Living in that university library was a most dreadful experience indeed, as I was completely deprived of human attention. The company of books around me, most of whom, by that point in their lives, resigned themselves to a fate of never being adopted by a reader, the books around me, I say, rather than offering any solace to a lonely creature, served but merely as frightening reminders of what I feared would become of me. From communicating with some of them I concluded that being sent to a university library was, to put it mildly, a blessing of a highly mixed nature---one’s fate is either to be studied closely by a series of devoted young scholar---who are known to be the best readers among all other types of educated people---or one is stacked in some university with students, to put it mildly, of a more liberal attitude towards reading and towards paper books.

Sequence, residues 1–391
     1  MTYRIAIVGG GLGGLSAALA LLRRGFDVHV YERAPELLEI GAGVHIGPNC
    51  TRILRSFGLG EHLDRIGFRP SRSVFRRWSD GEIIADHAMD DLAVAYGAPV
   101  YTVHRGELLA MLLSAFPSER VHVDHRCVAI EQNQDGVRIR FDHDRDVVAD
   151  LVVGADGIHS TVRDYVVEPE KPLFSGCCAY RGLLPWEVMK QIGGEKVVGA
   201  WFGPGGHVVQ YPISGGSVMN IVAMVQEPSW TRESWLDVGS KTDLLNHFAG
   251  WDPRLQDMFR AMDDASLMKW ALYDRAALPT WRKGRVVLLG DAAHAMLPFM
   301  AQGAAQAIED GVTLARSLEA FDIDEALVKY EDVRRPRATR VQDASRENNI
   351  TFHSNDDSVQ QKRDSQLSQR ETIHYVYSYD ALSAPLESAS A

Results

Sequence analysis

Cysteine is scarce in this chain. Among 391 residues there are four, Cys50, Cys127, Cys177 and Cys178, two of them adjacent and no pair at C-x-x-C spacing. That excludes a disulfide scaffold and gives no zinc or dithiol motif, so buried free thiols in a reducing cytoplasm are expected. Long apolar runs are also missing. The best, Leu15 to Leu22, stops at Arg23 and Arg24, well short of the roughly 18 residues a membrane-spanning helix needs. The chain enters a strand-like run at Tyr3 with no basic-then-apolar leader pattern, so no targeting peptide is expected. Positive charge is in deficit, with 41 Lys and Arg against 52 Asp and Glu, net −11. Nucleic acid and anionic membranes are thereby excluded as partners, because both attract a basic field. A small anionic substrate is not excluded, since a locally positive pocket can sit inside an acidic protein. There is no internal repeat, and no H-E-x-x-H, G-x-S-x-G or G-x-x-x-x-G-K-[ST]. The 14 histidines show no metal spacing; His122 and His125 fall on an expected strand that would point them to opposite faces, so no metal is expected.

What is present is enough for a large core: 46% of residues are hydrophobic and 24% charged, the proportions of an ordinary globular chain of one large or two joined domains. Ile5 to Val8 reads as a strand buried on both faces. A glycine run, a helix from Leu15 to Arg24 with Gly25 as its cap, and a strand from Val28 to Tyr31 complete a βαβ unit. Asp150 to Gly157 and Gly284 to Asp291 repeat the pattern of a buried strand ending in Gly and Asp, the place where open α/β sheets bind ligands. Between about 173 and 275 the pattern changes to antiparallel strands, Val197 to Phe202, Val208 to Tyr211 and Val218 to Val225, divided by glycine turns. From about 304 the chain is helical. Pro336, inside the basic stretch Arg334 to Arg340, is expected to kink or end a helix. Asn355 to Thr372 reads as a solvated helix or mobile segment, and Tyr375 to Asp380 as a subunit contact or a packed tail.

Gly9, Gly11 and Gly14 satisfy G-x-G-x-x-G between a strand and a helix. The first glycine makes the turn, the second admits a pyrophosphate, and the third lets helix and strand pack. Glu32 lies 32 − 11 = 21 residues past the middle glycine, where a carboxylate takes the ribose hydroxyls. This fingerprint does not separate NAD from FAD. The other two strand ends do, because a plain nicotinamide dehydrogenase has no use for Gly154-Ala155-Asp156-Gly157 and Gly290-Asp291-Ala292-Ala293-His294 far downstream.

My first major fright occurred when I began to notice a layer of dust settling upon me, as it began to emerge that no callow Aristotle would come to escort me home with him even for a day. Soon I began to notice my pages showing yellow around the edges. How I was driven to distraction some of the times! How I was made beside myself! And how upon such occasions I did rail madly upon the world for many hours at a time! But my oaths and execration did little to affect what I understood as my dreadful fate! I was moved to a few different corners of the library during my stay there, but neither area of occupancy affected my chances of being noticed by a reader. So I remained in this state of patient despair for I know not how long, awaiting that reader that I could come to love (and one who could stay out of jail too).